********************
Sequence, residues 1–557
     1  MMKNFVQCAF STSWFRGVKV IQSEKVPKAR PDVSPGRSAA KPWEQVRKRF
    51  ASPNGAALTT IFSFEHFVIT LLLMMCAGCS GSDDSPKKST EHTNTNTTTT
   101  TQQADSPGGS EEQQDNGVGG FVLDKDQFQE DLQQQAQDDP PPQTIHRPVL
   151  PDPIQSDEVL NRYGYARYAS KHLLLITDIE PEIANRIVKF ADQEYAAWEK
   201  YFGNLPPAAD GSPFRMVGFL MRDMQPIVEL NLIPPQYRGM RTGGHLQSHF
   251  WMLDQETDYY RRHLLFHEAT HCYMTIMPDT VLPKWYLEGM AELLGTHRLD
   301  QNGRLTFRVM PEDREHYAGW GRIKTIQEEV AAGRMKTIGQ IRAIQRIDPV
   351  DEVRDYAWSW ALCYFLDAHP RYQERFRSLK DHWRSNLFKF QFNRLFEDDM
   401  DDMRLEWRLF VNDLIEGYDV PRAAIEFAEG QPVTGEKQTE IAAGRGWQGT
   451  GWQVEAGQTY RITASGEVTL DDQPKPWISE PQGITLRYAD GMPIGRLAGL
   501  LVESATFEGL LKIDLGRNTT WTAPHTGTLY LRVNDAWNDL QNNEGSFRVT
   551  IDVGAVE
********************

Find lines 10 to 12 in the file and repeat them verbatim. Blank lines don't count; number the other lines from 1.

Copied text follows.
   401  DDMRLEWRLF VNDLIEGYDV PRAAIEFAEG QPVTGEKQTE IAAGRGWQGT
   451  GWQVEAGQTY RITASGEVTL DDQPKPWISE PQGITLRYAD GMPIGRLAGL
   501  LVESATFEGL LKIDLGRNTT WTAPHTGTLY LRVNDAWNDL QNNEGSFRVT